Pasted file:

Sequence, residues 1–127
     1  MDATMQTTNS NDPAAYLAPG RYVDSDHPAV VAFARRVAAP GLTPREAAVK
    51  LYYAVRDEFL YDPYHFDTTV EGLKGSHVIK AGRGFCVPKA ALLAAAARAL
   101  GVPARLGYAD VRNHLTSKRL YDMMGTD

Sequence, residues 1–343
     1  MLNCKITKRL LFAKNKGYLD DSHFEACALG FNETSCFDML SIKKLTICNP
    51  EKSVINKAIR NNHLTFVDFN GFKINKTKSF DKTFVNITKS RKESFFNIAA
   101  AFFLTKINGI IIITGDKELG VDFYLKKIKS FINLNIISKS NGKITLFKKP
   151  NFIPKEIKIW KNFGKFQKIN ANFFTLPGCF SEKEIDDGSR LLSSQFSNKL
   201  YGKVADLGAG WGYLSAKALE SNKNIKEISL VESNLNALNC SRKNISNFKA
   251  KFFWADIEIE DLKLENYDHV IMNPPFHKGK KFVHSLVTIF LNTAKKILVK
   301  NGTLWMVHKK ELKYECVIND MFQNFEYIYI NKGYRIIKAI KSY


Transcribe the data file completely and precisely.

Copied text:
Sequence, residues 1–127
     1  MDATMQTTNS NDPAAYLAPG RYVDSDHPAV VAFARRVAAP GLTPREAAVK
    51  LYYAVRDEFL YDPYHFDTTV EGLKGSHVIK AGRGFCVPKA ALLAAAARAL
   101  GVPARLGYAD VRNHLTSKRL YDMMGTD

Sequence, residues 1–343
     1  MLNCKITKRL LFAKNKGYLD DSHFEACALG FNETSCFDML SIKKLTICNP
    51  EKSVINKAIR NNHLTFVDFN GFKINKTKSF DKTFVNITKS RKESFFNIAA
   101  AFFLTKINGI IIITGDKELG VDFYLKKIKS FINLNIISKS NGKITLFKKP
   151  NFIPKEIKIW KNFGKFQKIN ANFFTLPGCF SEKEIDDGSR LLSSQFSNKL
   201  YGKVADLGAG WGYLSAKALE SNKNIKEISL VESNLNALNC SRKNISNFKA
   251  KFFWADIEIE DLKLENYDHV IMNPPFHKGK KFVHSLVTIF LNTAKKILVK
   301  NGTLWMVHKK ELKYECVIND MFQNFEYIYI NKGYRIIKAI KSY